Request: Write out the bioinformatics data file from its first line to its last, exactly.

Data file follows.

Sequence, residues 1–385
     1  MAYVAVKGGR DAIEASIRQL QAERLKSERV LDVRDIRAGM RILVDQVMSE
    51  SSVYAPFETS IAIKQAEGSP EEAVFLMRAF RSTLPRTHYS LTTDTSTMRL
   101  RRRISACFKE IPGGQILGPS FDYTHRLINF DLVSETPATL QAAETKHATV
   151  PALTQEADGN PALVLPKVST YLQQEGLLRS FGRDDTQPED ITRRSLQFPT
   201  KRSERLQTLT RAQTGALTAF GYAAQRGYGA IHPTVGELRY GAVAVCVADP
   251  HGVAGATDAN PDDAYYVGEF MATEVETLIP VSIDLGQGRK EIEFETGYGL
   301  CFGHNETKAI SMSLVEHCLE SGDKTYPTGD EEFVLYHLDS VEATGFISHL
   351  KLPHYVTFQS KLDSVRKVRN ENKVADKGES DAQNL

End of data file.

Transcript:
Sequence, residues 1–385
     1  MAYVAVKGGR DAIEASIRQL QAERLKSERV LDVRDIRAGM RILVDQVMSE
    51  SSVYAPFETS IAIKQAEGSP EEAVFLMRAF RSTLPRTHYS LTTDTSTMRL
   101  RRRISACFKE IPGGQILGPS FDYTHRLINF DLVSETPATL QAAETKHATV
   151  PALTQEADGN PALVLPKVST YLQQEGLLRS FGRDDTQPED ITRRSLQFPT
   201  KRSERLQTLT RAQTGALTAF GYAAQRGYGA IHPTVGELRY GAVAVCVADP
   251  HGVAGATDAN PDDAYYVGEF MATEVETLIP VSIDLGQGRK EIEFETGYGL
   301  CFGHNETKAI SMSLVEHCLE SGDKTYPTGD EEFVLYHLDS VEATGFISHL
   351  KLPHYVTFQS KLDSVRKVRN ENKVADKGES DAQNL